True Grit
“It’s strange” Lee muses, “when I studied children’s illustration my work was very different. Lots of colour and very little grit.” It wasn’t until he went to Bristol and his lecturers insisted his work was too slick that Lee began to develop his trademark feel for the underbelly of existence.
When his tutors suggested he should “drag sandpaper across his work” Lee began to take a new look at his surroundings. “Maybe it was living in a city,” he wonders, “but I found myself drawn to the grim urban landscapes.” These became a theme; “I found beauty in decay.”
So, while at Bristol Lee’s style of work changed, “I had a more serious attitude towards what I wanted to convey. My work sort of matured with age.” Today he’s sure of his goals: “I want my work to have depth of atmosphere and detail that helps convey a place in time. And if its a character I’m illustrating, I want people to picture his backstory.” Focus makes for feeling.

Kept in the cupboard
So it was, in 1996, with this growing sense of gritty realism, that Lee began his career, and it was starting to pay off with a few pieces of nice freelance here and there, “but living back at my parents’ house wasn’t a good thing.”
But a solution was just around the corner: “A friend of mine drew a few Judge Dredd strips and then went on to work for a games developer. He told me about his new job and the new industry that was springing up since the start of PlayStation.” This sounded too good to be missed, “I started to buy Edge magazine and began checking out the job ads at the back.”
Although Lee had no digital work to show, he got right to the chase: “I contacted developers directly and the response was incredibly positive.” In the summer of 98, Bizarre Creations offered Lee a job on the strength of his 2D art.
Though there was nothing on the slate, “They decided to keep me in a cupboard until they needed someone with my skills.” It wasn’t long before the cupboard door creaked open, and Lee joined the team responsible for titles including Project Gotham and now, The Club. “The work I do now is a pleasure” he says. “I draw bad guys with machine guns all day long.”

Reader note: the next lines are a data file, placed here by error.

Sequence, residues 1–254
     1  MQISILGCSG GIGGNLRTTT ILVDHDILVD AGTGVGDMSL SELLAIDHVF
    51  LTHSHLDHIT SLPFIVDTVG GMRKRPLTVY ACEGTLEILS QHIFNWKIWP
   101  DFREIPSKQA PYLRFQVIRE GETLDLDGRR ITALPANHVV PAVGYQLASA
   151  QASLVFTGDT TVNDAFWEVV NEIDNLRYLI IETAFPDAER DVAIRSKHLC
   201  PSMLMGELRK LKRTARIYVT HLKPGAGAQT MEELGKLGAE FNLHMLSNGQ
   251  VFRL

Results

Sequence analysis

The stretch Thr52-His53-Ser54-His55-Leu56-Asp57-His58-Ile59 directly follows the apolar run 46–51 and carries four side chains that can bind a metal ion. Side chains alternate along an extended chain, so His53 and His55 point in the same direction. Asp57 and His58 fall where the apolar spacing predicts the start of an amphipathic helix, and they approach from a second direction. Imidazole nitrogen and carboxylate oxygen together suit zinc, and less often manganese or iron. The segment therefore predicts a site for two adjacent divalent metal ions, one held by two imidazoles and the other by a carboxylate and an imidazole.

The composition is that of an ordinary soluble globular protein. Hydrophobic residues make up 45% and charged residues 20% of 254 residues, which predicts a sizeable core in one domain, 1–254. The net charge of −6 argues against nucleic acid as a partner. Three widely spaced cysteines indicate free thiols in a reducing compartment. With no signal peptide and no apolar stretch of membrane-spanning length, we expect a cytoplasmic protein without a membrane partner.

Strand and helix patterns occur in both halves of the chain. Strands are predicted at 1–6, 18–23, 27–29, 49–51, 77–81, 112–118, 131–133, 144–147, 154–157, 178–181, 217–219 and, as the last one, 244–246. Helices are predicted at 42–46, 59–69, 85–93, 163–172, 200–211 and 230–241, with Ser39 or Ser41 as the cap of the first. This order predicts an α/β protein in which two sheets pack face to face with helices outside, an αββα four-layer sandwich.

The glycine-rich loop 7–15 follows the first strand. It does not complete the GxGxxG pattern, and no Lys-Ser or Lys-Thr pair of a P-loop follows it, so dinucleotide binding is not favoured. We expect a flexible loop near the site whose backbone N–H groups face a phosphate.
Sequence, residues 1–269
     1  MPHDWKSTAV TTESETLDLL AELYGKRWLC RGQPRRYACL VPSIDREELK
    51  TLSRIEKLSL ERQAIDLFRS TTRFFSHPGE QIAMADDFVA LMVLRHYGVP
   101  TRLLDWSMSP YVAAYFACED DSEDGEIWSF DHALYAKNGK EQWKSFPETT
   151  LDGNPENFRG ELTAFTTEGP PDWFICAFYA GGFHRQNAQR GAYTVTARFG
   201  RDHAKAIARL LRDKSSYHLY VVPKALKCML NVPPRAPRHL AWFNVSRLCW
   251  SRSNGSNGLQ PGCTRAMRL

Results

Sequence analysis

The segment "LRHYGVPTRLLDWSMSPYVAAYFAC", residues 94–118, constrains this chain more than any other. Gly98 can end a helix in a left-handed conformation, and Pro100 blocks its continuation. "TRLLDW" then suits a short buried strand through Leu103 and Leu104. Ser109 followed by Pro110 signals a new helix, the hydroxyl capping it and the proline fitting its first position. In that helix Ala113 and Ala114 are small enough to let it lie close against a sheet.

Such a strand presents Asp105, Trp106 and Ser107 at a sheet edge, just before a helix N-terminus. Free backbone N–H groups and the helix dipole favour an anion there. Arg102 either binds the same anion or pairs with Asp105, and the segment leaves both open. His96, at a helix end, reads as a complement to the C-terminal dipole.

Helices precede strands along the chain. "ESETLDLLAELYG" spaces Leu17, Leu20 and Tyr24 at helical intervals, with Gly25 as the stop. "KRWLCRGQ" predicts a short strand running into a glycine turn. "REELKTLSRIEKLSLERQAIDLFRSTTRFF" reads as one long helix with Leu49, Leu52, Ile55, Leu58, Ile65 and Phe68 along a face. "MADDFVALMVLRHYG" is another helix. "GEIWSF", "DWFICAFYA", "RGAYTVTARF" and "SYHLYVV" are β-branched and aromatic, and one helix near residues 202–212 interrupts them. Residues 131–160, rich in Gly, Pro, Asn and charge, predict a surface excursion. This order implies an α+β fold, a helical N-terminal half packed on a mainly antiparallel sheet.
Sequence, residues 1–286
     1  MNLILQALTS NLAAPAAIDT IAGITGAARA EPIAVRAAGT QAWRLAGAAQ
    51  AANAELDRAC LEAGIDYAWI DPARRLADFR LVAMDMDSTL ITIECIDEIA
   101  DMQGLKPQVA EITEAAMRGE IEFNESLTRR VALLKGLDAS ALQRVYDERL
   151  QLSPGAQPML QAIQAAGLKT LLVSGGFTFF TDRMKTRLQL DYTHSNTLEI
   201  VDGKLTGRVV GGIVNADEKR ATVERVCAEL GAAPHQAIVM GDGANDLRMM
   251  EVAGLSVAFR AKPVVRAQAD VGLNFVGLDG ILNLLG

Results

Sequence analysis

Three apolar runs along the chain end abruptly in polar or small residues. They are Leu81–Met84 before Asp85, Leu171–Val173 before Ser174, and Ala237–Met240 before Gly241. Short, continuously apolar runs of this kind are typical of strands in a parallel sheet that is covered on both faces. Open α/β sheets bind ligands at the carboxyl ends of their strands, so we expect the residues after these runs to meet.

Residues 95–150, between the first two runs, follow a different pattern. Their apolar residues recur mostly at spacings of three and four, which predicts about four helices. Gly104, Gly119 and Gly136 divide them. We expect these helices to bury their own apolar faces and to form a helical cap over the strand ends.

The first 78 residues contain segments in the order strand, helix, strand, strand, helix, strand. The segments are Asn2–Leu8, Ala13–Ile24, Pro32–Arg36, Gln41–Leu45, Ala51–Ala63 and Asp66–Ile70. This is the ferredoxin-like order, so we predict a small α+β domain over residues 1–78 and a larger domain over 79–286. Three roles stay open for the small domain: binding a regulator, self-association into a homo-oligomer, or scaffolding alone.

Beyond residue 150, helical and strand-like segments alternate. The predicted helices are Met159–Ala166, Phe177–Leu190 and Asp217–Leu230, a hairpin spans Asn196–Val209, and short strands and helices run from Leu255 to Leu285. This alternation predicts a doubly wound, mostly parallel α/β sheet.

Back and forth
A new Lee Carter piece usually starts with a series of very small thumbnails. “After I find one that I want to go with, I work on an A5 rough sketch. I scan this into the computer, resize it and print it back out.” This preserves some of the energy of the original sketch while giving Lee something to work from on the lightbox.
So the traditional materials kick things off: “I always start with pencil, grey markers and white gel pen.” After that it’s over to the computer for colour and texture, but the back and forth between digital and analog is a well-worn path: “Sometimes I print the image out and work into the printout with coloured pencils and scan it back in for more tinkering.”
This integration of the traditional and digital modes of production is perhaps where Lee finds his style. His technique is ever-evolving, though. “I really enjoyed using watercolour and building up layers of washes. I have spent a lot of time trying to capture the same feeling with Photoshop.”

Dredd
So what’s next on Lee’s agenda? “I’m hoping to have time to approach 2000AD, I would love to work on a Judge Dredd strip.” This would bring him artistically full circle.
Another character which tickles his fancy is John Constantine from Vertigo comics’ Hellblazer. But these two are pre-existing characters, other people’s visions. “My big ambition would be to have a go at creating my own character.”
Lee has already tested the waters: “I’ve done this once,” he says, “with artist/writer Liam Sharp on the Necromachia strip in Mam Tor publishing’s Event Horizon books.” And it seems that this partnership may have a second outing some time soon.
With all this going on, it’s a wonder he has time to sleep: “It’s a hell of a long day,” Lee admits, “but you need to keep your hands going.”